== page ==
Well, that was predictably quick.
Adrian Wojnarowski of Yahoo Sports shared the details of that discussion and what's coming next:
New York Knicks president Phil Jackson and his top coaching candidate, Derek Fisher, talked briefly on the telephone Wednesday and plan to reconvene next week, league sources told Yahoo Sports.
Jackson expressed his desire to engage Fisher in talks to become the Knicks coach, sources said. Fisher is expected to take the weekend to talk with his family and make a final decision about retiring from his 17-year NBA career in order to fully pursue coaching, league sources told Yahoo Sports.
Fisher has been leaning strongly toward ending his playing career, and should that be his final decision, he's expected to move forward with more substantive talks with Jackson next week, sources said.
The Knicks relieved Mike Woodson of his coaching duties on April 21 and have been searching for a suitable replacement ever since. Steve Kerr was the early leader in this race, but he literally took the money ($25 million) and ran to the Golden State Warriors.
Jackson has been in something of a scramble since missing out on Kerr, but Fisher has long appeared at or near the top of the Zen Master's wish list. The pair won five championships together with the Los Angeles Lakers, while Fisher learned all of the nuances of the triangle offense Jackson ran during his coaching days.
Jackson even said Fisher was "on my list of guys" while the latter was still running point for the Oklahoma City Thunder, via Newsday's Al Iannazzone, comments that earned the former a $25,000 fine for tampering.
The Knicks, however, aren't the only team eyeing Fisher as a possible head coach. A source told USA Today's Sam Amick that Lakers general manager Mitch Kupchak "likely would have a phone conversation with Fisher sometime soon."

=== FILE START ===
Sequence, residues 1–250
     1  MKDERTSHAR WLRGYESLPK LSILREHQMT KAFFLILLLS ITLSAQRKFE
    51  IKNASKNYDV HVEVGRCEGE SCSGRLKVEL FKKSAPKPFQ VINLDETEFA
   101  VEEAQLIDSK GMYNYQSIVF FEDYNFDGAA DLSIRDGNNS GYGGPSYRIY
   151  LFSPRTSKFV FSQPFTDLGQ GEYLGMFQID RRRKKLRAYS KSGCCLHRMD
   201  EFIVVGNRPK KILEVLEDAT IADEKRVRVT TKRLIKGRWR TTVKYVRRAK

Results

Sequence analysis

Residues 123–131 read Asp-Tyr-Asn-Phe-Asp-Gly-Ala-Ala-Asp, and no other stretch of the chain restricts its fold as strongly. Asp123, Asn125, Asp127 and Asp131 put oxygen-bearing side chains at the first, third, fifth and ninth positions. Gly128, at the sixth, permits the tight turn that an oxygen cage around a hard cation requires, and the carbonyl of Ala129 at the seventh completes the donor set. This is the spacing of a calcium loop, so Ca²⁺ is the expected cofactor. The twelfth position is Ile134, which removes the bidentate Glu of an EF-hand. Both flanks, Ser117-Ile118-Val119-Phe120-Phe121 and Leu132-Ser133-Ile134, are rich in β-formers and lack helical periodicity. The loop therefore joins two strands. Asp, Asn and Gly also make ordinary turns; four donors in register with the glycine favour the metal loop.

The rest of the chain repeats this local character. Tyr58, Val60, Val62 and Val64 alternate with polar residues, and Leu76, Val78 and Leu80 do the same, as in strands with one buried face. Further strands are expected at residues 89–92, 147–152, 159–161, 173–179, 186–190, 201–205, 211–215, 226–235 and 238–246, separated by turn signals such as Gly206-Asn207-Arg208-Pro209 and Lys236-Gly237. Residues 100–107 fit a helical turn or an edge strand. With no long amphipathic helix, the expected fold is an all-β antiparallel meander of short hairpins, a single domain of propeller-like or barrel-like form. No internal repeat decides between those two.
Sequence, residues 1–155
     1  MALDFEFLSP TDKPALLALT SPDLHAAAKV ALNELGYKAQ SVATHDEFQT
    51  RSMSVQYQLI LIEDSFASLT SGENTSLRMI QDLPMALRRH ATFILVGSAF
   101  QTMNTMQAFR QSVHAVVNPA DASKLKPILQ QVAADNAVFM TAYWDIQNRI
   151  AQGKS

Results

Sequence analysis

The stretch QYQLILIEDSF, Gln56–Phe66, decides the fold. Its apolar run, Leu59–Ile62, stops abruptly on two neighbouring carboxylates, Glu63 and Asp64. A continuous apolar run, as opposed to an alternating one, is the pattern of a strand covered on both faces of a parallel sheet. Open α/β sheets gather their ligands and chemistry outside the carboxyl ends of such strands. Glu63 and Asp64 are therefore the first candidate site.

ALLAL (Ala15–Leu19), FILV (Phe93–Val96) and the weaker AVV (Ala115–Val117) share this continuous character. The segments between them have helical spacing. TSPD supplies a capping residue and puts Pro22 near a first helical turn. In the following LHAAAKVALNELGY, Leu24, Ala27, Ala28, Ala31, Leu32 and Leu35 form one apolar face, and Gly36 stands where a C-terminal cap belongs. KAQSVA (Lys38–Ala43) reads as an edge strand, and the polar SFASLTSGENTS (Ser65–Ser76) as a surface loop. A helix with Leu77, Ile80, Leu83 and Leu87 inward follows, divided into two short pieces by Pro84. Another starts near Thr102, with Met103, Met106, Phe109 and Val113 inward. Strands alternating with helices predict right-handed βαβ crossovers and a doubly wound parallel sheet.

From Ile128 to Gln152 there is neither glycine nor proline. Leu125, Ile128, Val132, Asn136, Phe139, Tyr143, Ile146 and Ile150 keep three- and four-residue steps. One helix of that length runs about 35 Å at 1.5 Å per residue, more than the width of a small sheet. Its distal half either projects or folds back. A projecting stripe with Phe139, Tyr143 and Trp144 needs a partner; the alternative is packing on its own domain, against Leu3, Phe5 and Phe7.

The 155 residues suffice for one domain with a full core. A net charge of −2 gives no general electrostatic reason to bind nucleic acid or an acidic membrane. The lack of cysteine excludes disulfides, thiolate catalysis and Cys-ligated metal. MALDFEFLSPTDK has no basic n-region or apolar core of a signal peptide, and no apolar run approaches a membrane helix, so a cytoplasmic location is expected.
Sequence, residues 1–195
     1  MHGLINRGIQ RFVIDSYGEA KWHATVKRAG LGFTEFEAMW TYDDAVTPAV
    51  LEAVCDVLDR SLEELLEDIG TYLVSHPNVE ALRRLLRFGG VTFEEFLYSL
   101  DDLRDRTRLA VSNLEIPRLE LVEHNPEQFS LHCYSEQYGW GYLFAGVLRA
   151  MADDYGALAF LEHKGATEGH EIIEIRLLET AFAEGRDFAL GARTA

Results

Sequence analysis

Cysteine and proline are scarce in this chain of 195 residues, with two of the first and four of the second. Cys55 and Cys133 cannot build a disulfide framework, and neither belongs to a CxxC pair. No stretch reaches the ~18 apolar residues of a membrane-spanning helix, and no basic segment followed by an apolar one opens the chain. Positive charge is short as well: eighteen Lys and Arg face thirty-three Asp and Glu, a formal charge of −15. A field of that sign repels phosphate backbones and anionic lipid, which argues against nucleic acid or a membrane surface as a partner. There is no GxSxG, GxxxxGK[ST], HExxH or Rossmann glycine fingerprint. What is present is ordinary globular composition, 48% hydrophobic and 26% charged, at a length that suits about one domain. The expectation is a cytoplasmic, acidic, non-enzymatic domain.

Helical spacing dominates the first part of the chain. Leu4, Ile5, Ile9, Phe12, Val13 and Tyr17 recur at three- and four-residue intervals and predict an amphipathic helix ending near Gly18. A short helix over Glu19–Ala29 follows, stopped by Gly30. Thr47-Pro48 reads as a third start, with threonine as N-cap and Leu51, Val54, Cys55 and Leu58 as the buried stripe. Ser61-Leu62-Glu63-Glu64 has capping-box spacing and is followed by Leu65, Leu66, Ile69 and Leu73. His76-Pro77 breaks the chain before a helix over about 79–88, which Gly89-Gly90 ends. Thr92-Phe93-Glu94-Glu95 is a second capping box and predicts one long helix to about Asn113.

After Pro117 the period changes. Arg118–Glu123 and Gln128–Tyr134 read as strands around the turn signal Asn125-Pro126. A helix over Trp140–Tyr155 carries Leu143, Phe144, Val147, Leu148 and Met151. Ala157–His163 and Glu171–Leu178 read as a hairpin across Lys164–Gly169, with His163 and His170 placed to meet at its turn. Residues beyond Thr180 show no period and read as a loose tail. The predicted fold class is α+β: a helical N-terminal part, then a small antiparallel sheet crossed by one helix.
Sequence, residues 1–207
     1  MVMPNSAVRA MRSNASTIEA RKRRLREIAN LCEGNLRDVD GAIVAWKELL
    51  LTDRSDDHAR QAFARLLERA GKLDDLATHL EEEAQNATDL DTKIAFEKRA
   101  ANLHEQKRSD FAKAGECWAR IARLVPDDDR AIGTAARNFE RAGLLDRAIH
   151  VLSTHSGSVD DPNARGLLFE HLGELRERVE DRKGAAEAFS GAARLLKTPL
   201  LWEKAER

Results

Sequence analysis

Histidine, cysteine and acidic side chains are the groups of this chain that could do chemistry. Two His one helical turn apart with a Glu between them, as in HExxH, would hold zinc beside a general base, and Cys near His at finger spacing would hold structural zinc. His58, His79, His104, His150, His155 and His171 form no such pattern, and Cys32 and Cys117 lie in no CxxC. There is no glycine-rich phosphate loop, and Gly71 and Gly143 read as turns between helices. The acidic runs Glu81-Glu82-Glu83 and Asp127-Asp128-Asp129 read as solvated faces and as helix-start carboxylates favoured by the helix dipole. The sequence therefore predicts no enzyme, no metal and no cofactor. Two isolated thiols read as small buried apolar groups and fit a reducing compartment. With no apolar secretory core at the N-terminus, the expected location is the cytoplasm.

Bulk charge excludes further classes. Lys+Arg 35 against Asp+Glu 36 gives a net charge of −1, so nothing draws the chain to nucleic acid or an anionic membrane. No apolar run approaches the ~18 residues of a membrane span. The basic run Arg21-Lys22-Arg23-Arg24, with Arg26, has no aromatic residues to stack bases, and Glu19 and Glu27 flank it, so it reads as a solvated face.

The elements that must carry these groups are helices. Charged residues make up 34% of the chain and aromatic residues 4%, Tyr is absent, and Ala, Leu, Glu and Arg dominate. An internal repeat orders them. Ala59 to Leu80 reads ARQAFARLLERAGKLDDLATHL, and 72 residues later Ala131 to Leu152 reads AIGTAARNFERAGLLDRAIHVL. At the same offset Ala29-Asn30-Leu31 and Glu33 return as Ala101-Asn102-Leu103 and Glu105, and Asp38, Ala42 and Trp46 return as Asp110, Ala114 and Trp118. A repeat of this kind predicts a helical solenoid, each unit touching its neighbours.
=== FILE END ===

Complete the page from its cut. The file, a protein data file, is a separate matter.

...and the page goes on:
While Fisher has deep ties to his former team, there are reasons to believe the chance to learn the profession under an iconic figure like Jackson could lure him to the Big Apple.
Teams might want Fisher, but the question is whether he wants a coaching career already. If he does, he seems to have several available to him.
"The ball is really in Fisher’s court here, Jackson is not flush with other options he loves," NBC Sports' Kurt Helin wrote. "...Fisher has to decide if this is what he wants to do."
Fisher is the "wanted" part of this equation. That's a great position to be in for any negotiation.
But do the right teams want him? Obviously, he has connections in both New York and L.A. Each situation presents its own uncertainty, though, with Carmelo Anthony's potential venture into free agency and Kobe Bryant's battle with Father Time.
Could Fisher decide either one is worth the gamble? Absolutely. These are destination franchises even on their worst days.
But Fisher has to figure out what's best for him, his carer and his family. That decision may take a far longer time to reach than the ones that have apparently launched him up the lists of (potentially) available coaches.
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